|Filed Under:||Entertainment / Books|
|Posts on Regator:||10061|
|Posts / Week:||27.6|
|Archived Since:||February 11, 2009|
“Katrina Dodson has spent more time thinking about the word ‘chicken’ than you have spent thinking about anything.” The Stranger sits down with Katrina Dodson, translator of Clarice Lispector’s The Complete Stories. Pair with Dodson’s Year in Reading.
A few rare stolen manuscripts from the New York Public Library have been the subject of a court case. Melville House covers the progression of the case so far. Travis McDade writes about rare book crime capers in the recent past for The Millions.
Happy Birthday to Lord Byron, who was born on this day in 1788. Read some of his poems aloud or check out illustrations of “Don Juan” at Brain Pickings to celebrate his life’s works.
Millennial think-pieces can be a bit redundant. Next time you encounter an article, bring this bingo board with you. For refreshing writing on millennials, our own Kaulie Lewis reflects on Marina Keegan’s The Opposite of Loneliness.
For the sake of your writing -- and for the patience of editorial staffs everywhere -- keep one eye on what’s trending. If it sounds familiar, you’ve probably read it somewhere before. And, believe you me, so have we.
Discovery of the Week: Fairy tales are older than previously thought. Researchers have traced stories back to prehistoric and bronze age times. For example, Beauty and the Beast and Rumplestiltskin “can be securely traced back to the emergence of the major western Indo-European subfamilies as distinct lineages between 2,500 and 6,000 years ago.” Kirsty Logan […]
“Dear publisher, I am sorry if I do so few of these stories justice. Someone else surely will. I don’t know what justice for a book is but I think I saw it as I prayed over this one.” Matthew Jakubowski reviews Diane Williams’ latest collection Fine, Fine, Fine, Fine, Fine at Minor Literature[s]. You […]
University of Michigan researchers have revealed an incredible prototype technology – a braille tablet. Current designs only allow for one line of braille, but the new prototype displays full pages of text. Find out more and watch the project leader, Dr. Sile O’Modhrain, discuss the developments at BGR. Pair with our eReader cheat sheet.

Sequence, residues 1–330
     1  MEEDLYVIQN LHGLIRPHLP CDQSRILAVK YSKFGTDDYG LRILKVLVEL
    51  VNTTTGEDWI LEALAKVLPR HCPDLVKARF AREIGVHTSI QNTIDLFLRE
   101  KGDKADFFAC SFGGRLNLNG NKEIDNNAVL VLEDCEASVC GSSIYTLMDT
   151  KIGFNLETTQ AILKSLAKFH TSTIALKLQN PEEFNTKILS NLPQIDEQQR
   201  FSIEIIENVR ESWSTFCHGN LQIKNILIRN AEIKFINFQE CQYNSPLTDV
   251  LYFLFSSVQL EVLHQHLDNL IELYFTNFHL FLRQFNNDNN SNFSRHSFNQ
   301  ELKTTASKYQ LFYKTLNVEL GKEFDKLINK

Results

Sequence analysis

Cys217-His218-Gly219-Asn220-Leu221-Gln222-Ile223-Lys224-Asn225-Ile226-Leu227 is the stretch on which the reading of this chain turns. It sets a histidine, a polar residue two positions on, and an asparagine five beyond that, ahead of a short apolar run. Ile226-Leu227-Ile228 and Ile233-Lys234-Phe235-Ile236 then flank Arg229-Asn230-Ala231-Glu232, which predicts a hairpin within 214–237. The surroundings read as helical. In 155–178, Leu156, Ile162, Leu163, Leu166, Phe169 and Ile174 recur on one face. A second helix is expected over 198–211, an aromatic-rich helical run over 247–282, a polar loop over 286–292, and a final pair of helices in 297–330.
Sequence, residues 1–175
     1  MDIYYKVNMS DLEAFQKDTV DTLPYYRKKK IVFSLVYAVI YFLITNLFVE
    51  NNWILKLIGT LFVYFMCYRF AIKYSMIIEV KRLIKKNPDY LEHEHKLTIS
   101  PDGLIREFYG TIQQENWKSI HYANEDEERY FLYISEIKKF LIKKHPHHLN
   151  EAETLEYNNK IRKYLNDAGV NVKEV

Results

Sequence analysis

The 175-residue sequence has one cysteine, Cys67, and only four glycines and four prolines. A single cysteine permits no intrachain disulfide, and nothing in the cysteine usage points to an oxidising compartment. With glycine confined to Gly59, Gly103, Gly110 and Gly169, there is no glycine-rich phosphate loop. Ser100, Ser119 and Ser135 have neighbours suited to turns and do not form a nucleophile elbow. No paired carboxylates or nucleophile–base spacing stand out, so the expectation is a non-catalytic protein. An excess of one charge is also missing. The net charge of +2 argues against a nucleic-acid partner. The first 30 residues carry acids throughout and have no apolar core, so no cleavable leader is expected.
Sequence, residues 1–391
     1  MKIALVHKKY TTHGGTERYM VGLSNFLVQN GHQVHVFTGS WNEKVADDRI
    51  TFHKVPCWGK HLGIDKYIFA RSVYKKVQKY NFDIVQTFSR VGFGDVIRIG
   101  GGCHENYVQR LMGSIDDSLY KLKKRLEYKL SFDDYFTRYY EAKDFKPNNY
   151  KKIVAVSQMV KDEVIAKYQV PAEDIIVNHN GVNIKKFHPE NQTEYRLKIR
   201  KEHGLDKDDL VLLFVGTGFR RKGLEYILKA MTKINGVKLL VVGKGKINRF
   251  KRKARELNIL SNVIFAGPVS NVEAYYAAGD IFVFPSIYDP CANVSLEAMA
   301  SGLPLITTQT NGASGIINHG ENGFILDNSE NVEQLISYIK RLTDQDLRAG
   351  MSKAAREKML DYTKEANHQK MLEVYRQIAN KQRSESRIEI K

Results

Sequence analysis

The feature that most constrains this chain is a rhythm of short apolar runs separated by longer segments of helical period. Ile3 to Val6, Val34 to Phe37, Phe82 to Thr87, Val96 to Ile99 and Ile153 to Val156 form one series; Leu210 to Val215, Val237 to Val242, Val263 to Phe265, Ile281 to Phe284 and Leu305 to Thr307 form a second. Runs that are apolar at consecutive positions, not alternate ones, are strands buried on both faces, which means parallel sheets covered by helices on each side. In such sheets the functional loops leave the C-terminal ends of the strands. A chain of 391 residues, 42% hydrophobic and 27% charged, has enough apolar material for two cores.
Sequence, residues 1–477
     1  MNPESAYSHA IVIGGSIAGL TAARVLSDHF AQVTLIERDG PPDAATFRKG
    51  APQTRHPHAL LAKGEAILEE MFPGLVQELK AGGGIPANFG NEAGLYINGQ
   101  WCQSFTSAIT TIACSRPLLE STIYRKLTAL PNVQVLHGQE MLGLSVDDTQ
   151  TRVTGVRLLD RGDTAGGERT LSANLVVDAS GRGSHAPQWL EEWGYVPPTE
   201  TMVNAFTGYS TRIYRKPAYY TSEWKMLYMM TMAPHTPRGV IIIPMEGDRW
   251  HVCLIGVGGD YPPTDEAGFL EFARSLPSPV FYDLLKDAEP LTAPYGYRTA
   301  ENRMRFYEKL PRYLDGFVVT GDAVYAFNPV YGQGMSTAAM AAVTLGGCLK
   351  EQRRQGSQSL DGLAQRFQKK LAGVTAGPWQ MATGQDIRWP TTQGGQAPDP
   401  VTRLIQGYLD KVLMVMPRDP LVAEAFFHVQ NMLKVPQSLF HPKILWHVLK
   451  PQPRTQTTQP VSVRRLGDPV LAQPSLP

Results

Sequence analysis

Peek inside a part of the DIY publishing world: zines. “Before the Internet democratized media, self-publishing was one of few ways for ordinary people to record and share with a wider audience. Zines on old taboos like sexual orientation could provide a staticky connection to a community of others with nonstandard identities in an age […]
“Perhaps postcards best capture a nostalgia inherent to the passerby.” Our own Bruna Dantas Lobato writes about literary postcards and how we imbue images with our own meanings for Ploughshares. You could also read about images that inspire authors from another one of our staffers, Edan Lepucki.
We would decidedly not meet the tenants in person. This was business in the modern world: we would be decent and respectful landlords, responsive but disembodied. Nothing more nothing less.
Recommended Reading: On the history of literature about housewives, from Madame Bovary to Dept. of Speculation.
Over at Hyperallergic, Chris Cobb explores color photographs of racial segregation from a recently rediscovered collection by Gordon Parks.
“Rather than showing one isolated capsule, the new hall would encompass nature and the human world…. The central theme would not be a certain animal, or even the landscape portrayed. Not one story but the fact that the stories are there. Albert E. Parr, strongly influenced by the burgeoning field of ecology, believed that the […]
The translation issue of The White Review is out, featuring an interview with Fiston Mwanza Mujila and a brilliant new story by Eka Kurniawan, translated by Annie Tucker.
Year in Reading alumna Parul Sehgal’s column for The New York Times debuted last week with her reflections on the great Czech writer Bohumil Hrabal. As she puts it, “He is a spider of a writer: subtle and sly, patient, with invisible designs. He never proclaims — he never needs to. He envelops.” Pair with […]
Listed for $338,000, at that moment the lowest price in the city, the house was called a “contractor’s special;” two of its three bedrooms were qualified on the listing agent’s half-assed flier as “legality unknown.” When we went to the open house, the same agent eyed my eight-months-pregnant stomach and advised me to cover my mouth and nose before stepping inside.
Recommended Reading: A brief history of book illustration and books as objects, over at Literary Hub.
In São Paulo, books also serve as subway cards — i.e., the future of literature.
Clarice Lispector’s translator and Year in Reading alumna Katrina Dodson interviews Elena Ferrante’s English-language translator Ann Goldstein about private identities and the final Neapolitan novel.